When preparing for a test, people often pay close attention to the long-term aspects, such as studying, keeping healthy, and making sure everything is ready to take the actual test, such as purchasing calculators, notebooks, or other items needed for test-taking. Even the night before, many people focus heavily on their sleep, making sure they are getting adequate amounts of sleep before the big day.
What is less often paid close attention to, however, is the food eaten on test day, from breakfast, to snacks, to lunch, and how these foods can negatively or positively impact test performance. While it may not seem as important as thorough studying and a solid night of rest, the food you eat prior to and on the test day can impact the outcome of your test.
The Night Before
The night before a test, be sure to eat a protein and fiber-rich meal. Eating a large amount of carbohydrates or sugars (including alcohol) the night before a test can disrupt sleep, due to blood sugar changes throughout the night. Eating fiber and protein can limit the number of blood sugar changes that occur while sleeping, and can help you get more fulfilling, restful sleep. This will set you up for success the next morning.
In the Morning
The morning before the test, once again, avoid excessive amounts of carbohydrates and sugars. While a cereal commercial may have you believe that a bowl of cereal is a rich or heart-healthy breakfast, this food will do little to improve your mental state. Instead, eat a breakfast rich in protein, fats, and healthy carbs. A breakfast of scrambled eggs with avocado, whole-wheat toast, and beans, for instance, can be a wonderful way to prepare your brain. A bowl of yogurt with fruit can also provide protein, healthy carbs, and healthy fats to keep your energy levels, mood, and cognitive function stable. Individuals who subscribe to a vegan diet may want to consider a tofu scramble, beans on toast, or even a protein shake for breakfast, as all of these options can provide healthy fats, proteins, and carbohydrates, in ideal quantities.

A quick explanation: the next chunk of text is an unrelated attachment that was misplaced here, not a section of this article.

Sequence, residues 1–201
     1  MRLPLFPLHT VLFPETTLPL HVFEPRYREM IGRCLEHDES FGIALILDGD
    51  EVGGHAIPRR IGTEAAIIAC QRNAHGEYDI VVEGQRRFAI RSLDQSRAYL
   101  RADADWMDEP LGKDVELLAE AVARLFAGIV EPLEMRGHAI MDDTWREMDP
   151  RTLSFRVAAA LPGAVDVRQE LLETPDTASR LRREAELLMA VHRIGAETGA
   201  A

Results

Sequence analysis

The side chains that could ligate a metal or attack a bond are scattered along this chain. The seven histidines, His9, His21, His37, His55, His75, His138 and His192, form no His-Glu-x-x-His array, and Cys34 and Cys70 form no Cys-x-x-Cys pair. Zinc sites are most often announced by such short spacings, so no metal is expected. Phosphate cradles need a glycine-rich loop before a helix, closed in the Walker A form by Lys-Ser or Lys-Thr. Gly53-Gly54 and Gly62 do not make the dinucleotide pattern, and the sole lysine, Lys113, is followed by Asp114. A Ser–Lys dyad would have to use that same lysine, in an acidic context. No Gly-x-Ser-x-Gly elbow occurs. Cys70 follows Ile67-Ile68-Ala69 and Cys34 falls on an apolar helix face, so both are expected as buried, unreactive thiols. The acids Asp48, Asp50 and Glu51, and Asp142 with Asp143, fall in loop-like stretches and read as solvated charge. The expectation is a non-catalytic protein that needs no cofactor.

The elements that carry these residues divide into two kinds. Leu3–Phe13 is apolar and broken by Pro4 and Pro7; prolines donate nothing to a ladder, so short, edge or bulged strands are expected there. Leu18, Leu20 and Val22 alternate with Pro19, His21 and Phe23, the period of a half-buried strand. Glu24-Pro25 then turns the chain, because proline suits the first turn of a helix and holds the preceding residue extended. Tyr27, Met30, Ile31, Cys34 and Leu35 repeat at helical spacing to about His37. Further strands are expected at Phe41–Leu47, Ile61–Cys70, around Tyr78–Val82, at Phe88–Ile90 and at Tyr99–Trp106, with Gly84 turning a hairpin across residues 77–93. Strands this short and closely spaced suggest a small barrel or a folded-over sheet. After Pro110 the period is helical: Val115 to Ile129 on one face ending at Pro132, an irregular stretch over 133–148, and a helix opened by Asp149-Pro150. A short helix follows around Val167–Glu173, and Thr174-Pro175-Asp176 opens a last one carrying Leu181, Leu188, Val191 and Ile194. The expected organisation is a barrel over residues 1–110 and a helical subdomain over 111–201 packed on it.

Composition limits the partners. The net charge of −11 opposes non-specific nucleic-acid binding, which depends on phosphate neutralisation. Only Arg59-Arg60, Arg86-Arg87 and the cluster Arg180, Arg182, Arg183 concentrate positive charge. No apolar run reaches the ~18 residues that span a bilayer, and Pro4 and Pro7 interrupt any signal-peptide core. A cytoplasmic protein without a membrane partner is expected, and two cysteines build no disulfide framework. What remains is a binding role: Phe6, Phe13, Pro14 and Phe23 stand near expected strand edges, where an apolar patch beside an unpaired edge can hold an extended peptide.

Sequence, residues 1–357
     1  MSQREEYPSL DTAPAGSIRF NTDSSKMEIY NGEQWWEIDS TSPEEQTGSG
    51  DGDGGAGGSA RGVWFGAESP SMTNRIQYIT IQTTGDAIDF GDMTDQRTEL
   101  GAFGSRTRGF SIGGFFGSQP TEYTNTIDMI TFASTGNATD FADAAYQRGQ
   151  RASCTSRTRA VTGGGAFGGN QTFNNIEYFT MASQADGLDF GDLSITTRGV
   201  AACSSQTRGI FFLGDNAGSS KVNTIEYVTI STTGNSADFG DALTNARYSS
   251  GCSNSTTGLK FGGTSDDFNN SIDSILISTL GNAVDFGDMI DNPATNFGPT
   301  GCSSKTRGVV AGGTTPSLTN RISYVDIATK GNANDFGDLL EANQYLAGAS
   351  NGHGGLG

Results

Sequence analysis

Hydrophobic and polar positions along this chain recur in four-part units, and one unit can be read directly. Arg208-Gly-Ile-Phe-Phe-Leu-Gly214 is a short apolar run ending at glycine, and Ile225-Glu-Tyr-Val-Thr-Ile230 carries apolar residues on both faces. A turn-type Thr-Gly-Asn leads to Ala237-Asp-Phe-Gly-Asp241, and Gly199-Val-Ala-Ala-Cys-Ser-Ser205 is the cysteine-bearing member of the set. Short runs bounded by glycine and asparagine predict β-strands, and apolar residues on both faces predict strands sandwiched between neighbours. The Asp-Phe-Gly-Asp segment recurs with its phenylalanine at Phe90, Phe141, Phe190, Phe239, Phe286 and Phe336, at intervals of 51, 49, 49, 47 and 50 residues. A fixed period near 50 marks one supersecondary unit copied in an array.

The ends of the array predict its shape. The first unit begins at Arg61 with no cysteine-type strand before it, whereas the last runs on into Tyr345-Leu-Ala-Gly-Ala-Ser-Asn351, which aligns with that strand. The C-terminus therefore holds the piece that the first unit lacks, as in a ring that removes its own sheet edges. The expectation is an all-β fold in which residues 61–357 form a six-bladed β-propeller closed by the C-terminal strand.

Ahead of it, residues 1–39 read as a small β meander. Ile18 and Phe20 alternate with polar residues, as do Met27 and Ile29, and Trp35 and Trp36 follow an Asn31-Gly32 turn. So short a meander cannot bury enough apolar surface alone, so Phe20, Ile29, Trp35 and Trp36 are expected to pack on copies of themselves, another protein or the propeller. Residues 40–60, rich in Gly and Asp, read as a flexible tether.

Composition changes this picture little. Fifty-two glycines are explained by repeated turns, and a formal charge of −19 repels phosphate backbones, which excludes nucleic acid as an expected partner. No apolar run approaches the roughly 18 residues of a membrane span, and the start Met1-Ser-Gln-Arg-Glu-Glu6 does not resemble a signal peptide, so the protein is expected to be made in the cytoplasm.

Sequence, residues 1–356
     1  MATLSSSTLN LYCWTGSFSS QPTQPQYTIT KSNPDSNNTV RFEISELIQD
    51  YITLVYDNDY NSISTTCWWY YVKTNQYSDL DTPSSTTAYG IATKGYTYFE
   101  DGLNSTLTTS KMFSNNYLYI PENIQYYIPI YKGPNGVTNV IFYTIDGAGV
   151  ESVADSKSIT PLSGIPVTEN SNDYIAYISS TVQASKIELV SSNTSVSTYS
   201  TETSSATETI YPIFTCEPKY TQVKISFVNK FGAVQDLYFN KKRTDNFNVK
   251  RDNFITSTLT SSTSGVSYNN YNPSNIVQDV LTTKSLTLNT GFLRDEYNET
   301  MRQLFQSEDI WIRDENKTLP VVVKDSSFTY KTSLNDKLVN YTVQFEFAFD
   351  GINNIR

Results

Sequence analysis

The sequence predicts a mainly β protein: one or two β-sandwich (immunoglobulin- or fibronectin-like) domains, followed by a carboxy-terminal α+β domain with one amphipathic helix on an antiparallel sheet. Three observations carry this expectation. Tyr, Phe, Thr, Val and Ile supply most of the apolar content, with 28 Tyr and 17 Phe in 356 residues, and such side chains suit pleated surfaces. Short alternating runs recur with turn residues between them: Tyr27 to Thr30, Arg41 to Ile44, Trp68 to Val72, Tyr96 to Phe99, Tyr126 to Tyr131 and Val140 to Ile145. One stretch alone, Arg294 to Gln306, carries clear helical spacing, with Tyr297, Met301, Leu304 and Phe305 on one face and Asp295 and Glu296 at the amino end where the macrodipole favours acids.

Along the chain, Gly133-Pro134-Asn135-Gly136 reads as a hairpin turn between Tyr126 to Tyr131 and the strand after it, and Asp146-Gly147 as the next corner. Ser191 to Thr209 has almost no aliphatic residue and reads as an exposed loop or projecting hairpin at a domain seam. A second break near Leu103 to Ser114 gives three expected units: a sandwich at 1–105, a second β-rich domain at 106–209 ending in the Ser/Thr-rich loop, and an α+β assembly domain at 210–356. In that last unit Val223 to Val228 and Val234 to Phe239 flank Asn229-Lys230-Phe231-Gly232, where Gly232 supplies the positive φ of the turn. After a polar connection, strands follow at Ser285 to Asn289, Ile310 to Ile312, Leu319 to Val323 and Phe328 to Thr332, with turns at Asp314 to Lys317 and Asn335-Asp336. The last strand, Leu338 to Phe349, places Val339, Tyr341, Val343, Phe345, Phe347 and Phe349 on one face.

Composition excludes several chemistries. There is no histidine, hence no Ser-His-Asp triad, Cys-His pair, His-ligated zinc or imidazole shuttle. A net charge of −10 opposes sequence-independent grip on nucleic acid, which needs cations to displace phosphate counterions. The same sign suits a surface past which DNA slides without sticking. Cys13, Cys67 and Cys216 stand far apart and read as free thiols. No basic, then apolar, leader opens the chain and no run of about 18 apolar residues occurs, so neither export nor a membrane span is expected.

During the Day
If the testing site allows snacks, or offers a break for lunch, once again focusing on a balance of healthy fats, proteins, and carbohydrates will afford the best state for taking a test. Great snacks can include yogurt and fruit, vegetables with hummus, or even cheese and crackers, as each of these options has the potential to provide healthy and filling nutrients to carry you through test day. A healthy, filling, and supportive lunch can include salads with proteins such as beans, meats, or nuts, whole-wheat sandwiches, or baked proteins (such as chicken), along with a side of vegetables and whole grains.
Although test-taking can be nerve-racking, one of the best ways to support your mind and body on test day is to make sure you are getting plenty of healthy, supportive nutrients in the form of lean proteins, healthy fats, and rich carbohydrate sources, such as vegetables, fruits, and whole grains.